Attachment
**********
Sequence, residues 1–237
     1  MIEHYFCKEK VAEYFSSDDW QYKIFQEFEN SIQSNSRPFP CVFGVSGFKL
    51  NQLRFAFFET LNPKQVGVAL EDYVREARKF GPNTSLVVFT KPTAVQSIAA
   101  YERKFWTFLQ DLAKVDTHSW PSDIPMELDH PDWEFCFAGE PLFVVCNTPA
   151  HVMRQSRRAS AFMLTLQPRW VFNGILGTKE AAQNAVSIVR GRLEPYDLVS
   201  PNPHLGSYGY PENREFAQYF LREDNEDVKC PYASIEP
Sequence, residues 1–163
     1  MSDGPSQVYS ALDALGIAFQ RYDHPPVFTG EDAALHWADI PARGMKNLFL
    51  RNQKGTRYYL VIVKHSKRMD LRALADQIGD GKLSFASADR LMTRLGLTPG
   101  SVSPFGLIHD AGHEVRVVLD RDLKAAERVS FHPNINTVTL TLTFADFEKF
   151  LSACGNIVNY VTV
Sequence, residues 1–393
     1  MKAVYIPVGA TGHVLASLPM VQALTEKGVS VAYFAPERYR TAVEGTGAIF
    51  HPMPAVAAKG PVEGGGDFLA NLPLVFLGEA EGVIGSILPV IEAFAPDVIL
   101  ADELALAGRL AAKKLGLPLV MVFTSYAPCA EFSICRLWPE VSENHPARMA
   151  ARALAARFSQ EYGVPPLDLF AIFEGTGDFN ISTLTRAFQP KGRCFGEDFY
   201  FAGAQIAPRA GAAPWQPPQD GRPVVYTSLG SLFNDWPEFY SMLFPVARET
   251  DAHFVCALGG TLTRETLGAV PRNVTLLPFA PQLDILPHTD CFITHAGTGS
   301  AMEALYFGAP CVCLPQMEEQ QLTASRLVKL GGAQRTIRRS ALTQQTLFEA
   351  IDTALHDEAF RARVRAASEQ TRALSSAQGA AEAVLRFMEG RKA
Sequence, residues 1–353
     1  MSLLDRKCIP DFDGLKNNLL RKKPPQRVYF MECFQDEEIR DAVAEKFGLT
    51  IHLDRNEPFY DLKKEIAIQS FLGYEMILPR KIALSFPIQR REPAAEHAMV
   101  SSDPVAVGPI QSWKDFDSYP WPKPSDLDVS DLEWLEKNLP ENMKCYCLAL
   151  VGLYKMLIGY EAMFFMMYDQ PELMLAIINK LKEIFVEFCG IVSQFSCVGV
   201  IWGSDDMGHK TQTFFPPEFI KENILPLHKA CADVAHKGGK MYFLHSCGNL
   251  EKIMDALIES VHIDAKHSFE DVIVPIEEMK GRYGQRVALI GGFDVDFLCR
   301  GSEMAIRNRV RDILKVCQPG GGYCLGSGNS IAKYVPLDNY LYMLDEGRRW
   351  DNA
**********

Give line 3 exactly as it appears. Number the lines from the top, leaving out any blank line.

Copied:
    51  NQLRFAFFET LNPKQVGVAL EDYVREARKF GPNTSLVVFT KPTAVQSIAA